In her autobiography Off With Their Heads, which chronicled her half century as one of Hollywood’s most important and highest paid screenwriters, the two-time Oscar winner joked, “No one had ever written more satirically about ‘love at first sight’ than I…” but when Frances met the handsome 6’2″ Fred she found out it really could – and did happen. Even laid up in a hospital bed, Fred cut an impressive figure. Before donning the cloth, he had been a champion world-class athlete at Occidental and Princeton and was a world record breaker in track and field competitions. Frances was no less impressive, a potent combination of beauty, brains, wit and charm and while Mary excused herself to speak with other soldiers, Frances stayed behind and chatted with Fred.  There was both an immediate physical and spiritual attraction between the two and within ten days they were already making arrangements to be married. Even a world war could not hinder their romance and although Fred was quickly shipped out to France with the 143rd, Frances was not far behind, heading overseas as a war correspondent.  No sooner had the Armistice been signed then the pair were married at the Edouard VII Hotel in Paris on November 19, 1918.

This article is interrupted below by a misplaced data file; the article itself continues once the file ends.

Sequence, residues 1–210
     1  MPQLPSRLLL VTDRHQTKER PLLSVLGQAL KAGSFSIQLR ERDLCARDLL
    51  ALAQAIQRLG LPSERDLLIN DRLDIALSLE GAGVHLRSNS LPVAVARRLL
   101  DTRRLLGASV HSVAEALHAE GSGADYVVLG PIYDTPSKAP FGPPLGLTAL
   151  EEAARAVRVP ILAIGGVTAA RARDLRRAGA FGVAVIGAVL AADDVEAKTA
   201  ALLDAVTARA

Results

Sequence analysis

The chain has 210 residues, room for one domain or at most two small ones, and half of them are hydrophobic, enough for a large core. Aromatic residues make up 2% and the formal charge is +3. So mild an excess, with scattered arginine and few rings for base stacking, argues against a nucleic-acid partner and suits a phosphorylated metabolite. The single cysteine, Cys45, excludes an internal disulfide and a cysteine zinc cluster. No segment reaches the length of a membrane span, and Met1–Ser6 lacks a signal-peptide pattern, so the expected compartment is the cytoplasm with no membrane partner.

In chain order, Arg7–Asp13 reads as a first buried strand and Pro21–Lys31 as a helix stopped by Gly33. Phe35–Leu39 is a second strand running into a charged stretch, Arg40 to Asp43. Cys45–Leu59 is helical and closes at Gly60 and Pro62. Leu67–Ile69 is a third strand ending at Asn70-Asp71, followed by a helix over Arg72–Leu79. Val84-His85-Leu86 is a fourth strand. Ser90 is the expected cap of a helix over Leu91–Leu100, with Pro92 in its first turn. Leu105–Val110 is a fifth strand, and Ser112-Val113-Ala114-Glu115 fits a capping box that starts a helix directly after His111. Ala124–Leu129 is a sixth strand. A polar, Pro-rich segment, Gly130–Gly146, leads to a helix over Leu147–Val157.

With his movie star looks and high-powered Hollywood connections it was inevitable that Fred would enter the movies, but his reasons for doing so were atypical. Fred was convinced of the power movies had to influence young people and he believed if he made films with a positive message he could reach more young people with a single film than he could do in a lifetime of sermons from a pulpit. Mary and Frances gave him a trial run in The Love Light (1921), a Mary Pickford vehicle written and directed by his wife and with Fred playing, ironically, a villain. A few more appearances followed before he hit his stride as a cowboy star and along with his trusty steed Silver King Fred rose a rising tide of popularity that made him a serious threat to Tom Mix. By 1927, he was making a then astounding $10,000 a week with Frances doing no less well penning a string of hits including Lightnin’; Stella Dallas (both 1925); The Son of the Sheik (1926); The Winning of Barbara Worth and The Scarlet Letter (all 1926) with her biggest years yet to come.